Supreme Court shift could favor rent law challengers
Barrett’s confirmation may give landlords better shot in nation’s highest court
When landlord groups filed a federal lawsuit challenging New York’s rent law last year, they already had their eyes on the U.S. Supreme Court. Now, with the appointment of a sixth conservative judge, their case may have a better shot at being heard by the nation’s highest court.
Amy Coney Barrett was sworn in Monday night as the 115th justice in the court’s history. Her confirmation creates a 6-3 majority of Republican-appointed justices, a shift that could pave the way for various conservative goals, including dismantling the Affordable Care Act and overturning Roe v. Wade. Though rent regulation didn’t come up during Barrett’s confirmation hearings, a conservative majority may be more willing to take up the issue.
Two landlord groups, the Community Housing Improvement Program and the Rent Stabilization Association, filed a lawsuit challenging New York’s Housing Stability and Tenant Protection Act last July, alleging that it represents an unlawful taking of private property and violates the Fourteenth Amendment’s due process clause because it infringes upon property rights without addressing a “compelling state interest.”
“I’m not sure that the modern Supreme Court with Justice Barrett on it is going to be acquiescing quite as much to the idea that simply because there’s a public purpose behind changing a contract that it is ok,” said Jim Burling, vice president of legal affairs at Pacific Legal Foundation, a libertarian legal group. The organization supported a challenge to the state’s rent law that the Supreme Court declined to hear in 2011.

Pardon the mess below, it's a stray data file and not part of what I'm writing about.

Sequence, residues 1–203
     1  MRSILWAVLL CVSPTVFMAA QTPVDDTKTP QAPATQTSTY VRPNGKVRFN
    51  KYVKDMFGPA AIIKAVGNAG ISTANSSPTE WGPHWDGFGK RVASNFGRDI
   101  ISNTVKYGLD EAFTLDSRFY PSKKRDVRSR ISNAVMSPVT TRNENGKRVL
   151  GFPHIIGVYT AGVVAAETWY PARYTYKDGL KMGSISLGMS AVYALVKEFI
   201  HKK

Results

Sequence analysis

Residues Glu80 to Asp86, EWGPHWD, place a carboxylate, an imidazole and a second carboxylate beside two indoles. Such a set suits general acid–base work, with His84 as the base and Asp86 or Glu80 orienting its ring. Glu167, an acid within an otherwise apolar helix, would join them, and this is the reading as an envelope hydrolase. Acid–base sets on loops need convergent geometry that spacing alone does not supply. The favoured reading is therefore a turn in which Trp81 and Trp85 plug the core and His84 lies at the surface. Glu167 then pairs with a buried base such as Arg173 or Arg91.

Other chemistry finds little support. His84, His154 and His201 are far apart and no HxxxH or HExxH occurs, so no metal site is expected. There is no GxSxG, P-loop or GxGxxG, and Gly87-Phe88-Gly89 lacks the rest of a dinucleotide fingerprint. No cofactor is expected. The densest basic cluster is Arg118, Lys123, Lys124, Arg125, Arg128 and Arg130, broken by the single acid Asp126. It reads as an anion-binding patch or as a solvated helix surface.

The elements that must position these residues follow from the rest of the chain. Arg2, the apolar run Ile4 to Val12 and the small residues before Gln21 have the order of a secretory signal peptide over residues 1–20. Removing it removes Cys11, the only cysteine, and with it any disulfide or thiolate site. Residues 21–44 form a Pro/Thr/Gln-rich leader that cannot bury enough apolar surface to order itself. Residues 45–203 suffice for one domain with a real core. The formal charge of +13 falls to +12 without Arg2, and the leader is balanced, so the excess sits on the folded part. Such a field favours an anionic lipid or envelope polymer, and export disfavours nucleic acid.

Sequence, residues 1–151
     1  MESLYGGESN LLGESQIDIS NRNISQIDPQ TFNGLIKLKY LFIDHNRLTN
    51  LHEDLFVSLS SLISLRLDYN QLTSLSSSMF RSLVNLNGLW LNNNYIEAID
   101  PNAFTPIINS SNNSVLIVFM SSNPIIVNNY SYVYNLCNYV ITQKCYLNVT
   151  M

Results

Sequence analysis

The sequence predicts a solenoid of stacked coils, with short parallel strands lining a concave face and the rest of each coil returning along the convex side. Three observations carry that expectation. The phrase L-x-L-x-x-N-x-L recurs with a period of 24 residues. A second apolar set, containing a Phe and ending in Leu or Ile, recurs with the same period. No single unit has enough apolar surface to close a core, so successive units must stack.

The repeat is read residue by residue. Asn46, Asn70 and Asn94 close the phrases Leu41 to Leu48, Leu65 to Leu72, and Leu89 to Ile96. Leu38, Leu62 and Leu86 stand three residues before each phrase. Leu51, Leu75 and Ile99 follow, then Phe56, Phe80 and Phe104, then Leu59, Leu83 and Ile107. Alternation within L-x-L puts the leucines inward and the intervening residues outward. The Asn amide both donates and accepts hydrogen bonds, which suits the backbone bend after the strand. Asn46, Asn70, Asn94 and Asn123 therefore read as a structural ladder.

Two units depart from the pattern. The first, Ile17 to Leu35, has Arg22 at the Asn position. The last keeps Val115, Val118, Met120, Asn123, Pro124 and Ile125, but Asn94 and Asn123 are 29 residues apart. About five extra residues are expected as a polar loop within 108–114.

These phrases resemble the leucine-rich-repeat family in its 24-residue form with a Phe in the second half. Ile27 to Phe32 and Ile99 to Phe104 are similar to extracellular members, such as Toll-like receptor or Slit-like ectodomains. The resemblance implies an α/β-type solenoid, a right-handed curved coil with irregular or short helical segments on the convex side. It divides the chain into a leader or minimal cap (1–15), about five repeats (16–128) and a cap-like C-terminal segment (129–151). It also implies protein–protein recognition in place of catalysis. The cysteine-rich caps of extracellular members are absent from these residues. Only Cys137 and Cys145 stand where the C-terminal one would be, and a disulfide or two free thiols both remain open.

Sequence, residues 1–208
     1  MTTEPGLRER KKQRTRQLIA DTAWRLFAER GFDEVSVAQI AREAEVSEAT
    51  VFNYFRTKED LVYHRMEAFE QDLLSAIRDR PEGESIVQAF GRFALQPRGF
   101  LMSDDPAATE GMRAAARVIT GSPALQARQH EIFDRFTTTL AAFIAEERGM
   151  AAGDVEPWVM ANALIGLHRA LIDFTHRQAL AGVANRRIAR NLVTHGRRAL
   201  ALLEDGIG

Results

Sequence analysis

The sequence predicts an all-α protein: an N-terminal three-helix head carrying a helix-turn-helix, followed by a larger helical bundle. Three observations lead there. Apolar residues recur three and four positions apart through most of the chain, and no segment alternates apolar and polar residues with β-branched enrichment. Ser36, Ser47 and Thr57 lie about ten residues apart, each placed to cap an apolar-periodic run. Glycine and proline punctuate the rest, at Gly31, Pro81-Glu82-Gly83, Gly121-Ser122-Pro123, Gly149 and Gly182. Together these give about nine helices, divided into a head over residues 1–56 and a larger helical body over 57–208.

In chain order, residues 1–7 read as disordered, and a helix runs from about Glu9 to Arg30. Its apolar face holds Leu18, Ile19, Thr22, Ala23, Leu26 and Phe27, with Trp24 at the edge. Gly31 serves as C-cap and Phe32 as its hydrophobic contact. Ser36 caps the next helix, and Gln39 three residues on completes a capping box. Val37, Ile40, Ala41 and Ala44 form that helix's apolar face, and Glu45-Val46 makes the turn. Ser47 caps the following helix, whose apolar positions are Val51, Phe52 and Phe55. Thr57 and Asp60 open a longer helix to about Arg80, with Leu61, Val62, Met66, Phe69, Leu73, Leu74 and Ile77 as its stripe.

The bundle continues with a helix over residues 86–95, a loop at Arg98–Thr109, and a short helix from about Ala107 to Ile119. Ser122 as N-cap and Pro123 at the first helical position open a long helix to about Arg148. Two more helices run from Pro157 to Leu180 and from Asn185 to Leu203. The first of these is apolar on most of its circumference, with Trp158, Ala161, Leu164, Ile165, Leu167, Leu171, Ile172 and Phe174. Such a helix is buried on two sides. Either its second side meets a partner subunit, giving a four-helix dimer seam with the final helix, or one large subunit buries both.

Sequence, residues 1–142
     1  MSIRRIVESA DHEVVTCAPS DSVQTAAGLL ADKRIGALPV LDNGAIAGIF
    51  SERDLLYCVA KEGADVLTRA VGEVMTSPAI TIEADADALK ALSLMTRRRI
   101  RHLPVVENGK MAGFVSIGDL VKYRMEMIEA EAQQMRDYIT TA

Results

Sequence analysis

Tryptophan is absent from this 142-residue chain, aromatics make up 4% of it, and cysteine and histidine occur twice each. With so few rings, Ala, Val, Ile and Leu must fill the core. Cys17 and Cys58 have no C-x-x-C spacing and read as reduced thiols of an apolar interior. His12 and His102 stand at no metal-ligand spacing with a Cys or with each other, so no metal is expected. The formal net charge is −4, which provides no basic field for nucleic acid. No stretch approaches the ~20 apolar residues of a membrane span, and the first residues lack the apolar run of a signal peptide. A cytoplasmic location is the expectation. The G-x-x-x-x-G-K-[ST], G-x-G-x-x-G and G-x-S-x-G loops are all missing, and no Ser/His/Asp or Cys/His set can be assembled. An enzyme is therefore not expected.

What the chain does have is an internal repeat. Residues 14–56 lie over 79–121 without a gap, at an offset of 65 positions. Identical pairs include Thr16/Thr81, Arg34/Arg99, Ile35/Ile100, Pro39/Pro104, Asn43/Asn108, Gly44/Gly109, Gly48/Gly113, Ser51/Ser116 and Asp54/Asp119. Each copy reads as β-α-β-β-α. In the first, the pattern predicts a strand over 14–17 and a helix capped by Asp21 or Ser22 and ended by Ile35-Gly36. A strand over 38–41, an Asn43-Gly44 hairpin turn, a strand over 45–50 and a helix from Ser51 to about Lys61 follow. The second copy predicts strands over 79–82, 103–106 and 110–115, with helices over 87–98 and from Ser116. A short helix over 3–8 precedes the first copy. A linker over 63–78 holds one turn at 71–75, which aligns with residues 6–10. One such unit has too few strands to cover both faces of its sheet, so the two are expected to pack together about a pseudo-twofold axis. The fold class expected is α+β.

Among the 2019 rent law’s provisions most vulnerable to being overturned, he said, is one that delays eviction for one year if a tenant can demonstrate an “inability to obtain other housing or to prevent hardship.” Burling noted that Barrett is a protégé of the late Justice Antonin Scalia, who opposed a similar provision in a California rent control ordinance, which was the subject of a 1988 Supreme Court decision. Still, he said, demonstrating an illegal taking will be no easy task.
“It is going to be a tough battle, even with Justice Barrett,” Burling said.
The CHIP and RSA lawsuit is a long way from the Supreme Court, and might never get there. In September, a federal court judge dismissed the case, a decision that the groups swiftly appealed.
“We think there is a good basis for the court, the Second Circuit, taking a fresh look at the law,” said Andrew Pincus, an attorney for the groups. Last November, the Senate confirmed two judges nominated by President Donald Trump to the Second Circuit of the U.S. Court of Appeals, flipping the court’s majority in favor of Republican appointees.
Earlier this month, Ellen Davidson, an attorney at the Legal Aid Society, which is a party to case, said she is confident that even with a conservative majority, the Supreme Court likely will not overturn decades’ worth of case law related to rent regulation.
“I guess the question is: How much does the Supreme Court want to blow up our understanding of law over the last century?” she said.
“It would completely change the relationship between government and business. A law that requires businesses not to dump toxins into the East River, the Hudson River would be challenged. Anything that made businesses less profitable would be, under that theory, a taking, and therefore unconstitutional.”